The pace has accelerated in 2007. This week, oil company ConocoPhillips said it planned to buy back up to $15 billion of its shares; retailer Home Depot. launched a tender offer for up to $11 billion of its shares; and drugs group Johnson & Johnson said it would repurchase up to $10 billion of its common stock.
Earlier buyback announcements came from retailer Wal-Mart Stores ($15 billion), investment bank Merrill Lynch ($6 billion) and technology group Sun Microsystems ($3 billion). Online travel company Expedia tendered to buy back as much as $3.5 billion in shares.
Silverblatt came into the year predicting there would be $459 billion in buybacks in 2007, up from $432 billion in 2006.
"Obviously," he told Reuters Wednesday, "I'm going to have to raise it pretty soon."
Investors Love 'em
Factors contributing to the surge in buybacks include a buildup of cash on balance sheets after a string of profitable quarters. But slower profit growth also is pushing companies toward buybacks, which lift earnings per share by reducing the number of shares outstanding.
Conventional wisdom says stock investors love buybacks because they lift stock prices or mitigate a slide on bad news. Some researchers like David Ikenberry, finance professor at the University of Illinois at Urbana-Champaign, have suggested that companies that announce buybacks outperform their peers in subsequent years.
Some professionals, from INVESCO, the giant Anglo-U.S. fund management company, to Champaign, Illinois-based Cozad Asset Management, have created funds that only invest in companies that have recently repurchased big blocks of shares.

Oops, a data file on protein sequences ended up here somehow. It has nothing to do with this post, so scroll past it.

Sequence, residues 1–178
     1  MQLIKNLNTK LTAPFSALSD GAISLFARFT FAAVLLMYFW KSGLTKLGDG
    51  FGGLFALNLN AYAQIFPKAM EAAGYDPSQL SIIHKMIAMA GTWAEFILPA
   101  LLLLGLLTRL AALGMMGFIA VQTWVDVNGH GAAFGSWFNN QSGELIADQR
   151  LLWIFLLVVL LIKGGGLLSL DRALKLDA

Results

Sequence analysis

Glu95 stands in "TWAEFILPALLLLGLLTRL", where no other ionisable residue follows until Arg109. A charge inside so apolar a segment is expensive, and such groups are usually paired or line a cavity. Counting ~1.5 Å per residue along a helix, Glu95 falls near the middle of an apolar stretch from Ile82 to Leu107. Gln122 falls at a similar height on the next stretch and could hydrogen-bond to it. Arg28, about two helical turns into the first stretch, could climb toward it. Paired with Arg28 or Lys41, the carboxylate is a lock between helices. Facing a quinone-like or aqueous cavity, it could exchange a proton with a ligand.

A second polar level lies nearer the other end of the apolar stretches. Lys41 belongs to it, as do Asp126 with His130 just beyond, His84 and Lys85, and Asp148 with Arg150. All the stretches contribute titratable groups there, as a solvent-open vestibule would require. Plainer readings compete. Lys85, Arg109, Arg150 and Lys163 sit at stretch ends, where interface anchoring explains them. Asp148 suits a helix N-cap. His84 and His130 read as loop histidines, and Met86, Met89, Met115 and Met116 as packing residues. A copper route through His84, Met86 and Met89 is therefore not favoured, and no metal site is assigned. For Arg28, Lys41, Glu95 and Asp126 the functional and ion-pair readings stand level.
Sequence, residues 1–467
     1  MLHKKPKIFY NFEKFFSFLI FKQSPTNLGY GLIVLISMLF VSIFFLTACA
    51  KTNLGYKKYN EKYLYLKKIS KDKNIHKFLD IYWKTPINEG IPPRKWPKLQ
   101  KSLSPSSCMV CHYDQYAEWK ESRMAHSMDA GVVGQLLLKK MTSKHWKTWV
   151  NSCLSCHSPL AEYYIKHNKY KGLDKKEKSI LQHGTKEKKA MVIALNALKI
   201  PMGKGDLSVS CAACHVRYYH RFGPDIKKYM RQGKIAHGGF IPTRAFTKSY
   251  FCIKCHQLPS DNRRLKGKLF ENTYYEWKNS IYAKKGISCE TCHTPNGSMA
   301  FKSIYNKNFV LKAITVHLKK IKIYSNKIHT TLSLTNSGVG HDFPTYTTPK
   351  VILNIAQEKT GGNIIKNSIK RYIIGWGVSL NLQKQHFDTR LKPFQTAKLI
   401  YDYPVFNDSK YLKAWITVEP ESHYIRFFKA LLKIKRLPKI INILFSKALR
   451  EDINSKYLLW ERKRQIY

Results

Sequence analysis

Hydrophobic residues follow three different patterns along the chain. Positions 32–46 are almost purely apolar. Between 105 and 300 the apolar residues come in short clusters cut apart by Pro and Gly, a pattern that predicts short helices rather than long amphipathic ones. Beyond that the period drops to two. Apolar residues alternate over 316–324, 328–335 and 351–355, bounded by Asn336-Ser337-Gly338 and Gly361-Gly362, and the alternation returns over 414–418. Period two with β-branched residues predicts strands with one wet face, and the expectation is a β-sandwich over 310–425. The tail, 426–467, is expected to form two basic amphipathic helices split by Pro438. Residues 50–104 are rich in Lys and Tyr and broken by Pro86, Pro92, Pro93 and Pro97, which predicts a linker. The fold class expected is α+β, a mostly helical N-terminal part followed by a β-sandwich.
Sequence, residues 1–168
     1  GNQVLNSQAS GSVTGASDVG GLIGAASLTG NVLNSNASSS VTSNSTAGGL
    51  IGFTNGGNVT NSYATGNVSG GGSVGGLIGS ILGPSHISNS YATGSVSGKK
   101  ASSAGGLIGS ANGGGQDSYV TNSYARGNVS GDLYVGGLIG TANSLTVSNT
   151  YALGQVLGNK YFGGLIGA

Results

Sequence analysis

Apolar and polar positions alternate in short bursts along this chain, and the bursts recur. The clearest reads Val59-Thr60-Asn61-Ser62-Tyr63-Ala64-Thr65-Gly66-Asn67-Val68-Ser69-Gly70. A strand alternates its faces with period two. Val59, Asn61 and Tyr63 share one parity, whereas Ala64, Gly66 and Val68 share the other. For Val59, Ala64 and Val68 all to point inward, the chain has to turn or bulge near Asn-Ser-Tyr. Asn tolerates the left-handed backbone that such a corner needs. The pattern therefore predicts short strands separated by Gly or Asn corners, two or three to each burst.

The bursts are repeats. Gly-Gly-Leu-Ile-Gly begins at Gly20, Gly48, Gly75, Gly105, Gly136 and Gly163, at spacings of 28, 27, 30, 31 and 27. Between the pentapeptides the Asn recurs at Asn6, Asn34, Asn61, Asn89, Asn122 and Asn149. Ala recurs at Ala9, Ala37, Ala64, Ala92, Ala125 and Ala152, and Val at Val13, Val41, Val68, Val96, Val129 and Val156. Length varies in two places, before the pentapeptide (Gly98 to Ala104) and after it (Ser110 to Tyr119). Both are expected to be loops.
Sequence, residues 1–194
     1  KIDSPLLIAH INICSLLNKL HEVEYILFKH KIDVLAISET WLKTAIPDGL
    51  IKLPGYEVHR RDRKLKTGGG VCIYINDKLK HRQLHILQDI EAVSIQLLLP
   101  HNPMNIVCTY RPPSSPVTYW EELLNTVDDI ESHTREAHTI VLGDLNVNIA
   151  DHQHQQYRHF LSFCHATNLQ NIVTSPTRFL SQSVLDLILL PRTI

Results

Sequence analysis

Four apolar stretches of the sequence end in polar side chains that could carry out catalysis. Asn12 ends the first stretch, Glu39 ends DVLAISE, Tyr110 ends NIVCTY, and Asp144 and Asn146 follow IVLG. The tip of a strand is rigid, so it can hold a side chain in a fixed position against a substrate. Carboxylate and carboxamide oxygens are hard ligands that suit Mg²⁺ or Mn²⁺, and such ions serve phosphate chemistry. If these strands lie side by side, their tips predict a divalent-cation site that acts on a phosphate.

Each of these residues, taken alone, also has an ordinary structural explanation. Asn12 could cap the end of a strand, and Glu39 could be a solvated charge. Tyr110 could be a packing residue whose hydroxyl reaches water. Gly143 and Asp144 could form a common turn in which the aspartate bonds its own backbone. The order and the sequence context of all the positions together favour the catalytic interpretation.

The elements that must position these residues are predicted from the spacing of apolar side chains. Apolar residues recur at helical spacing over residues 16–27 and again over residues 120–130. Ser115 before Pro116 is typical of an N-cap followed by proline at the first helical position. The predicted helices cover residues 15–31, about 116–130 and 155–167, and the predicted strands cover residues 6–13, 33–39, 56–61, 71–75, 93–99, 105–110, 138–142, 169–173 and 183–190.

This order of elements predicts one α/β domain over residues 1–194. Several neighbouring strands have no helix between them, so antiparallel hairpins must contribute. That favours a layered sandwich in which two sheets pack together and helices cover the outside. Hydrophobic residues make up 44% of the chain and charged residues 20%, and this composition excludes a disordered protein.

"There are two ways to increase your share price today," says Silverblatt, "fire a lot of people or announce a buyback."
Buybacks bolster the broader market, reducing the supply of shares at a time when private equity is buying public companies outright and the IPO market is lackluster. But researchers at Penn State dispute the contention that buybacks are good news for investors in individual companies.
They say many buybacks are poorly timed, meaning companies wind up buying their shares at a premium rather than at a discount.
Critics like Ablin prefer dividend increases, which allow shareholders to decide the best use for the money.
While stock repurchases buoy share prices, helping minimize sell-offs, Ablin thinks they are more about rewarding executive insiders than the average shareholder.
He says a "management first" culture prompted the surge in buybacks. In the first quarter of 2007 there were $58.3 billion in dividends paid out versus $117.7 billion in buybacks -- a big change from the first quarter of 2004, when $42 billion in dividend payouts equaled $42 billion in buybacks.
Relatively cheap money -- even with the recent run-up in yields -- also contributes to the purchases, prompting more companies to fund buybacks using debt rather than cash.
Bondholders Angry, Too
That has prompted some bond investors to cry foul.
"They're asking bondholders to finance shareholder-friendly activity," said Joseph Balestrino, fixed-income market strategist at Federated Investors in Pittsburgh. He said the companies involved in buybacks are re-leveraging balance sheets that had been getting cleaner.
"Is it terrible? No," Balestrino said. "Is it a negative trend? Yes."